Beatrix’s legacy to the Lakes

Beatrix’s legacy to the Lakes

Archive feature: August 2015 by Peter Naldrett

The exterior of The Thornhill Arms, located in Yorkshire's Calverley

Beatrix’s Hill Top home

Generations of children who have stood on the shore of Derwent Water could be forgiven for thinking they had seen the view somewhere before. Many of them will have. Published 110 years ago, The Tale of Squirrel Nutkin is a tale about a tail that was influenced by many of her stays in the northern reaches of the Lake District. Packed with riddles and island adventures in Cumbria, the story of Nutkin also marks the spot where she painted many of the illustrations placed in her little book.

Like many of Potter’s picture stories, Squirrel Nutkin started life as a letter, with pictures. In this case it was written while on holiday at Lingholm, Keswick, in 1901 – a full year before her first book was on the shelves. The Potters spent their summers at Lingholm, on the western shores of Derwent Water, no less than ten times between 1885 and 1907. The scenery combined with her imagination to create the splendid story of a cheeky squirrel floating away to an owl’s island to collect nuts and eventually getting into a scrape with the bird that cost him his tail.

Paintings in the book were clearly based on Derwent Water and the surrounding hills, while pictures of Owl Island reflect the view of St Herbert’s Island that sits in the middle of the lake.

During this time Beatrix completed many sketchbooks and used her drawings as a basis for the backgrounds and Lakeland scenes in Squirrel Nutkin. There are pages and pages of squirrel sketches dating from this time, along with books of Derwent Water paintings and even detail of the oak tree that was to become the home of Old Brown the owl. But while her Squirrel Nutkin story was undoubtedly based in and around Keswick and the mid-size rodents were described sailing across Derwent Water towards St Herbert’s Island, the area couldn’t provide all the detail she needed for the book.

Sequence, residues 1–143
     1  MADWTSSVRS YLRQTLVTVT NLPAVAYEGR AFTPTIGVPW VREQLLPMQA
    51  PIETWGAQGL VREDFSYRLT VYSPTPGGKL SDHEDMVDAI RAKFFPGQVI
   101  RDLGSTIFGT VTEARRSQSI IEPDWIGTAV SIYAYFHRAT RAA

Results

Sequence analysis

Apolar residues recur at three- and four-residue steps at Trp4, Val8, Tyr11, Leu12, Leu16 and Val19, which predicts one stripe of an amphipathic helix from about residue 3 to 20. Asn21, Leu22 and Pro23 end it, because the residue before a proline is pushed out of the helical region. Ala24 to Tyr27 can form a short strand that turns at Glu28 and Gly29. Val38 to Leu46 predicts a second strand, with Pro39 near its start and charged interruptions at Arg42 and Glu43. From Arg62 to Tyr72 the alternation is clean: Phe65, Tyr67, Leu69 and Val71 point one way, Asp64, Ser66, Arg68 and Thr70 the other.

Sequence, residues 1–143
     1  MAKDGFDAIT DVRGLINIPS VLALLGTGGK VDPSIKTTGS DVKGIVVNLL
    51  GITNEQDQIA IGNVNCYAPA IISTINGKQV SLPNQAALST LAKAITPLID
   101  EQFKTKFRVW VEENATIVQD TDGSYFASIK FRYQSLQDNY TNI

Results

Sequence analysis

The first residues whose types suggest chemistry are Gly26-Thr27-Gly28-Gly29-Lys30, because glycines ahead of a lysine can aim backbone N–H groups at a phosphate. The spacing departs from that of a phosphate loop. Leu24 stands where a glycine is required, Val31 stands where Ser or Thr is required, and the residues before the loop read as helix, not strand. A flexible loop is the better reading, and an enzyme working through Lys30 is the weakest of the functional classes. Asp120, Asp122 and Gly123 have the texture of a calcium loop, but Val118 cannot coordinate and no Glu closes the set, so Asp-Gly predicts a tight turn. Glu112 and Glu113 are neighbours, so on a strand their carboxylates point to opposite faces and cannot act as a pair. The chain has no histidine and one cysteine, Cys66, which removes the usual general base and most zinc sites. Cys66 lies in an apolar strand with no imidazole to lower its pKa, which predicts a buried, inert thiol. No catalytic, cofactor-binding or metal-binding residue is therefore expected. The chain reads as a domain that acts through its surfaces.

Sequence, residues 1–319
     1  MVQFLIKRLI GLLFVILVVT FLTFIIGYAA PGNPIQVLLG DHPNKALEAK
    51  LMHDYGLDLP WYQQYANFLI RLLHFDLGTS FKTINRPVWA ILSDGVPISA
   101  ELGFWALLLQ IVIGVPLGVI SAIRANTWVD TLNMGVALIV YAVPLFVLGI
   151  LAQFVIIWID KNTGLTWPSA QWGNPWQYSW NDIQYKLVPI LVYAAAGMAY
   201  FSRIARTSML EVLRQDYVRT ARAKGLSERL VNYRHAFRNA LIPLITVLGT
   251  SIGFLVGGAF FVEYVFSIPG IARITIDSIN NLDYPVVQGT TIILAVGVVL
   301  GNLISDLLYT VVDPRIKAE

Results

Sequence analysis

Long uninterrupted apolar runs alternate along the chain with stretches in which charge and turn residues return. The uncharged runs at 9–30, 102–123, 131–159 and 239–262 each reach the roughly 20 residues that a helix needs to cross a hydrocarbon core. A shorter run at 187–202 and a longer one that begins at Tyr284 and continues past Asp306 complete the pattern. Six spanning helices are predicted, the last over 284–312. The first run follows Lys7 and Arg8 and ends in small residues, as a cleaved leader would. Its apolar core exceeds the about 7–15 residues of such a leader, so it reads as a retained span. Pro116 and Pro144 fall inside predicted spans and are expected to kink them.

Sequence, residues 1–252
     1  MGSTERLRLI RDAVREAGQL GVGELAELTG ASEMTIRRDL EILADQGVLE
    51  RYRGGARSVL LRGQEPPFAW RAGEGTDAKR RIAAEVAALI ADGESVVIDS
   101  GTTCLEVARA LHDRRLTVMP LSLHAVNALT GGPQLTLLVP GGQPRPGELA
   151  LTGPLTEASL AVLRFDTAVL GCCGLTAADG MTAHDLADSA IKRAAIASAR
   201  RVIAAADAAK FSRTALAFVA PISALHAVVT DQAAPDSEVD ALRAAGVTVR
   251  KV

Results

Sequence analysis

Beatrix aged fifteen with family spaniel, Spot

Beatrix headed for London to get detailed drawings of Old Brown the owl, sitting in London Zoo to observe the ones held there. But to get the detailed sketches of squirrels, Beatrix had a rather more novel solution: she bought herself a couple as pets and kept them at home with her, observing them and drawing them for the book. When published in 1903, The Tale of Squirrel Nutkin was an immediate success. The initial print run was 10,000 but it became apparent that this would not be enough so another 10,000 was arranged within a few months. And, as her second book, it was important that it was a success.

Rather than suggesting her Peter Rabbit debut to be a one-off, Squirrel Nutkin paved the way for years of more book sales and friendly characters.

Libby Joy, of The Beatrix Potter Society, reflecting on how the riddles and rhymes in The Tale of Squirrel Nutkin were typical of her interest in them, says, “Beatrix Potter was fascinated by these and collected them from all over the place, as well as writing her own. She and Norman Warne, her first editor at Frederick Warne who became her fiancé, were working on a collection known as the 1905 Book of Rhymes at the time of his death. Subsequent editors at Warne were not interested in it, wanting more ‘tales’. However, after 1918 the firm fell on hard times and begged Beatrix for another book or two. She cobbled together Appley Dapply’s Nursery Rhymes in 1918 and Cecily Parsley’s Nursery Rhymes (1922) from this earlier collection of rhymes and attendant watercolours, drawings and designs, in order to help the old firm.”

Beatrix in her later years